"As soon as the boy has learned to read and write without difficulty, it is the turn for the teacher of literature (grammatici). My words apply equally to Greek and Latin masters, though I prefer that a start should be made with a Greek: in either case the method is the same. This profession may be most briefly considered under two heads, the art of speaking correctly and the interpretation of poets; but there is more beneath the surface than meets the eye. For the art of writing is combined with that of speaking, and correct reading precedes interpretation, while in each of these criticism has work to perform. The old school of teachers (veteras grammatici) carried their criticism so far that they were not content with obelizing lines [marking for deletion] or rejecting books whose titles they regarded as spurious, as though they were expelling a supposititious child from the family circle, but also drew up a canon of authors, from which some were omitted altogether." (Inst. or. 1.4.1-3)Quintilian notes here that it was customary for Grammarians to teach the art of analyzing a piece of literature for a correct textual reading as well as determining its authenticity in relation to an author's other writings. Of course, Quintilian is describing the ideal Greco-Roman education. It may have been uncommon for literates (of lesser or greater ability) to acquire this level of analytical skill. Nevertheless, the teaching of these critical skills appears to occur early in a child's literary education (soon after acquiring an adequate level of reading and writing ability). Thus, most literates may have had at least a rudimentary understanding of recognizing textual/transmission issues as well as the problems associated with authorship.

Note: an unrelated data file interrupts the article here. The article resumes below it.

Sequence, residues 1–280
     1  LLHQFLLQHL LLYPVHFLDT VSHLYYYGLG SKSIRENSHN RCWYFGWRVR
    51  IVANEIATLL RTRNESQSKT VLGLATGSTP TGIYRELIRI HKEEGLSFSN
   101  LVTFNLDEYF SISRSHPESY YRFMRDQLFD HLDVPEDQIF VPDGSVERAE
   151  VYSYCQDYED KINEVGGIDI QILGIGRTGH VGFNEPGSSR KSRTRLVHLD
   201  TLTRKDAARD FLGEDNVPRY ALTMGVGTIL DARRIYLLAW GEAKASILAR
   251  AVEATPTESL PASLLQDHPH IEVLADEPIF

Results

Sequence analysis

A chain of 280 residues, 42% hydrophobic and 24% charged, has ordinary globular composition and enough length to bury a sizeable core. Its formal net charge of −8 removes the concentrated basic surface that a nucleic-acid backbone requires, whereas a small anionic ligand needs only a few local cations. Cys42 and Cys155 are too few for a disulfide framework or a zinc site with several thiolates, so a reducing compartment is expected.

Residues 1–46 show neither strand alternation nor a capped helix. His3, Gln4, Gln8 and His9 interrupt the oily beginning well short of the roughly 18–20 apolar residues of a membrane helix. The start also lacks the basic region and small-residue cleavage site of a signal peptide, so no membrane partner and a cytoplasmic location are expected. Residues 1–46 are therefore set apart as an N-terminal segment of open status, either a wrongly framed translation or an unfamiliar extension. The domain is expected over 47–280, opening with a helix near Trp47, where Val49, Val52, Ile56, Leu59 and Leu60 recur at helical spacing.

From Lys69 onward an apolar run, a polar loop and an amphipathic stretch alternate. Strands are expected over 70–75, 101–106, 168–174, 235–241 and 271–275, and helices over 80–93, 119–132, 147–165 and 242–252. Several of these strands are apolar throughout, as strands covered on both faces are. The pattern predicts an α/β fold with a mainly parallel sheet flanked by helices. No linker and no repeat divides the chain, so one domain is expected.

Apostles, disciples, and other early Christian leaders who were literate, may have had at least some ability in analyzing and evaluating a particular writing's textual character or authorship claims. This can be seen in Peter's assessment of those who have miss-interpreted and possibly textually altered Paul's epistles in 2 Peter 3:16, and Luke's evaluation of previous Gospel writings in 1:1-4. Similar parallels could be made with regard to the collecting of Ignatius's letters in Poly. Phil. 13.1-2.
|Mosaic of Plato's academy (Pompeii)|
Quintilian, Institutio Oratoria (trans. H. E. Butler; LCL; London: William Heinman, 1920), 61-63.
Scherbenske, Eric W. Canonizing Paul: Ancient Editorial Practice and the Corpus Paulinum (Oxford: Oxford University Press, 2013), 16.